There was a hot spot of sales in Arbroath and Dundee! My family live in Dundee and they were always going to Borders and Waterstones and harassing them to put copies in the window and stuff. It did ok, though, it’s had a couple of reprints. It has sold a bit in England but not huge amounts, you know – it’s not about middle-class graduates living in Knightsbridge…

(Much merriment and tape crackling.)

No prejudice there then!

…It’s not about lecturers sitting having their dinner party in London…

(Rosy chokes on coffee in hilarity)

Maybe you should write one of them – you should write about Scottish lecturers, that’d be good.

Hmmm. Maybe. Campus novel. Dunno.

We always ask for five favourite books – don’t say War and Peace.

I don’t have the high-brow literary tastes – me and the Booker prize are going our fucking separate ways I tell you!

You just decided to part company – it’s not working out.

Me and the Booker – it’s all over. I’ve had it with that lot.

Literary fiction is a genre like anything else – people write literary books with no plot and upper middle class characters. It’s an excuse not to have a plot, that’s what it is.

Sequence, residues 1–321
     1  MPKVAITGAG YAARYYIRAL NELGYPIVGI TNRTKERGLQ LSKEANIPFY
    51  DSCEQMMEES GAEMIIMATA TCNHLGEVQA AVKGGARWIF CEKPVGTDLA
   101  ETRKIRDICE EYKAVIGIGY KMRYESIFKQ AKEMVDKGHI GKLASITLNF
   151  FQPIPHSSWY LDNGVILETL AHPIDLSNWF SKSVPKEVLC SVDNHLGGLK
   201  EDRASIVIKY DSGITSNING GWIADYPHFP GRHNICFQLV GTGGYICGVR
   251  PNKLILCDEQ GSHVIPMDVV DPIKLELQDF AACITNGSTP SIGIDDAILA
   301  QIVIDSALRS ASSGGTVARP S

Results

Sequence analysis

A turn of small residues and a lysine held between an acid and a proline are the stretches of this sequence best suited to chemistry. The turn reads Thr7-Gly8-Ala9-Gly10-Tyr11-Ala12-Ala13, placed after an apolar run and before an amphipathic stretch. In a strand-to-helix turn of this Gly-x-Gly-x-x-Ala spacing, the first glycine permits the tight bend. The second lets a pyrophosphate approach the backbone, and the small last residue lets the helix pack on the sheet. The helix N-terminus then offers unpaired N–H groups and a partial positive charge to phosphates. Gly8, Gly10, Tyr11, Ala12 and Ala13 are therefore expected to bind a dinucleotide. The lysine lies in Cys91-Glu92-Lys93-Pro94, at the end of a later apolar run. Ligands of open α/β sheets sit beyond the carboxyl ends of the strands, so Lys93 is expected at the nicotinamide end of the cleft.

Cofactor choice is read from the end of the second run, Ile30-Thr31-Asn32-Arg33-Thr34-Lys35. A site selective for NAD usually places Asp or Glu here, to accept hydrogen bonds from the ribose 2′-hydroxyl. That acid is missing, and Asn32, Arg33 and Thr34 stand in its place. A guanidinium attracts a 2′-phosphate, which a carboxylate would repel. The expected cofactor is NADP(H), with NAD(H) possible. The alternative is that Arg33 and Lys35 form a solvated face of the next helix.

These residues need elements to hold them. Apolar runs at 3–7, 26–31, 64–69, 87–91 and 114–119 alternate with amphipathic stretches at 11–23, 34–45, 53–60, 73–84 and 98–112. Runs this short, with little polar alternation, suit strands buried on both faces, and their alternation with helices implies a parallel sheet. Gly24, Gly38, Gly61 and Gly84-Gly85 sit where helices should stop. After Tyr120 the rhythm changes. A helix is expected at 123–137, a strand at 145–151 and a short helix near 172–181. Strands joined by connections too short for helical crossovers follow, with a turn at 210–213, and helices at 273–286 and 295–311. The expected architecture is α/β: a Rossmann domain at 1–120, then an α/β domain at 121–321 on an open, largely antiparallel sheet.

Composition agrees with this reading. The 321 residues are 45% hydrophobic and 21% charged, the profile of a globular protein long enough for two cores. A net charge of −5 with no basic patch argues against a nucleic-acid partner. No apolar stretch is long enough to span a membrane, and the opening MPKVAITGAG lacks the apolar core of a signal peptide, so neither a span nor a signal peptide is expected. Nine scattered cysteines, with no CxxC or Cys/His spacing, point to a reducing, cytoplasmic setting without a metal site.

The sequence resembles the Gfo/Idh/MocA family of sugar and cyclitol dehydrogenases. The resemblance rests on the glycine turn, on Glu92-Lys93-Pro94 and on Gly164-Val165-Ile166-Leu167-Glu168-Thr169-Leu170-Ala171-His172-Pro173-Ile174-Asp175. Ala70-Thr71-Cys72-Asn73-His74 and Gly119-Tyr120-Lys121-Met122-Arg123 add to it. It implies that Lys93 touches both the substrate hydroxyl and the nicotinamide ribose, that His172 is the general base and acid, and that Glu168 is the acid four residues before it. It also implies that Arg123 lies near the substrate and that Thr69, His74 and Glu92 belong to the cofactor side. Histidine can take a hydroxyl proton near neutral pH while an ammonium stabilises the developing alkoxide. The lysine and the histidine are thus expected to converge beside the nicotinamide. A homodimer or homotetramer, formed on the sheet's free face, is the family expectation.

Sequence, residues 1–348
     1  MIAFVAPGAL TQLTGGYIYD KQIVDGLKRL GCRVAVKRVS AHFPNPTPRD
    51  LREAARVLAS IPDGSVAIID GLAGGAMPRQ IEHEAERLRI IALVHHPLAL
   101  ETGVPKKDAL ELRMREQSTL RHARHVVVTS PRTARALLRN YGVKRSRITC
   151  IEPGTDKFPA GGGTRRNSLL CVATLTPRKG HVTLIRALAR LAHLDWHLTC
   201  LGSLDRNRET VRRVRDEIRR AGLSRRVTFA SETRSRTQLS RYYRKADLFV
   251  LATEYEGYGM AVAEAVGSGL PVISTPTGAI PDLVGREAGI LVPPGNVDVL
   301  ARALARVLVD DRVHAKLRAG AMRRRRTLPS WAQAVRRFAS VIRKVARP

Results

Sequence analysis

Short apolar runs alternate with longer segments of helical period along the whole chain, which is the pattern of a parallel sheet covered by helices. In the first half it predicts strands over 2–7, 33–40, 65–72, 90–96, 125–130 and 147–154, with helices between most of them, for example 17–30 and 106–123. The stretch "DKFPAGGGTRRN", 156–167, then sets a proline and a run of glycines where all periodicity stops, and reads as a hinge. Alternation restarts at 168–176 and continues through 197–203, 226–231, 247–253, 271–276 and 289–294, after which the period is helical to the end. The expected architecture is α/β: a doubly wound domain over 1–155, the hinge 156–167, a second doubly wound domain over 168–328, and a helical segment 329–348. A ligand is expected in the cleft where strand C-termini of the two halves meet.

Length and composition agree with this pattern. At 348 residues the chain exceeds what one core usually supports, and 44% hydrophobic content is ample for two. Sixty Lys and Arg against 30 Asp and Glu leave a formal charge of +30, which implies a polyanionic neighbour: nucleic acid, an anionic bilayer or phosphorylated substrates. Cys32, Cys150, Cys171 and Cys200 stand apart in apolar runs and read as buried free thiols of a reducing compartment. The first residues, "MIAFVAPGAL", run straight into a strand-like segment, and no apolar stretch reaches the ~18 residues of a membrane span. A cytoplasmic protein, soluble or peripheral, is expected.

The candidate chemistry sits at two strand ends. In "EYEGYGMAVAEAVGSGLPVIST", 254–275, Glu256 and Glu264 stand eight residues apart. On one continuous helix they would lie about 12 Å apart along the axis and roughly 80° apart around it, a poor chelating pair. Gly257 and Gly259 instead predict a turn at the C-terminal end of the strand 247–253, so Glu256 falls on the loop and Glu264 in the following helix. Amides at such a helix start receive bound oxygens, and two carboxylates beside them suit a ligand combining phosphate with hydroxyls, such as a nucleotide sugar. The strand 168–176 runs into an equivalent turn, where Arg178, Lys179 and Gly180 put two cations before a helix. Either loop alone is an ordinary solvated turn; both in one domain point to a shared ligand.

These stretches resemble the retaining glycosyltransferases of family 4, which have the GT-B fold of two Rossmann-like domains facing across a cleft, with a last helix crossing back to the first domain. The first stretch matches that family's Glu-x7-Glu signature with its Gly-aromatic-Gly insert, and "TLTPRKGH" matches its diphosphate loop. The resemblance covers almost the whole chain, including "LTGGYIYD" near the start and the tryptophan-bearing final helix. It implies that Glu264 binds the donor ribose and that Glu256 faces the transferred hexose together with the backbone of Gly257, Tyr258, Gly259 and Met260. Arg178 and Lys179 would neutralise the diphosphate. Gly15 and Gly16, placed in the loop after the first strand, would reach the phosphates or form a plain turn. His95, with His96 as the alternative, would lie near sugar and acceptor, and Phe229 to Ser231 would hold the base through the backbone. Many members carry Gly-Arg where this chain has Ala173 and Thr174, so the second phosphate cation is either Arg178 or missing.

You’re one of these down-to-earth “books should have a good story”?

Well yes, I have less and less time for meandering high-faluting stuff. I want a fucking good story – a good page-turner. There’s nothing wrong with that – there’s no shame involved with that.

[The following speech sees Rosy getting a bit carried away and forgetting who is the interviewer and who is the interviewee]

I keep thinking that the big popular successes of the past are now re-evaluated to be good literary books when they weren’t necessarily thought to be so at the time. Maybe it’s something to do with seeing something as representative. Rather than saying, “it’s a good book, I like this book”, it’s always got to symbolise something and maybe that can even be representing the time it was written, itself. Like pop music. As soon as pop music becomes OLD suddenly there’s people make all these documentaries about it and start going on about the cultural significance. Nobody ever goes on like that about new pop music.

You think of what the noughties or whatever you call them you think in ten years’ time how’s this decade going to be viewed. The nineties has become the Britpop decade.

It’s like a sort of cultural amnesia, isn’t it? People forget all the shit. Like Ashes for Ashes – now they’re fucking raving about boobtubes.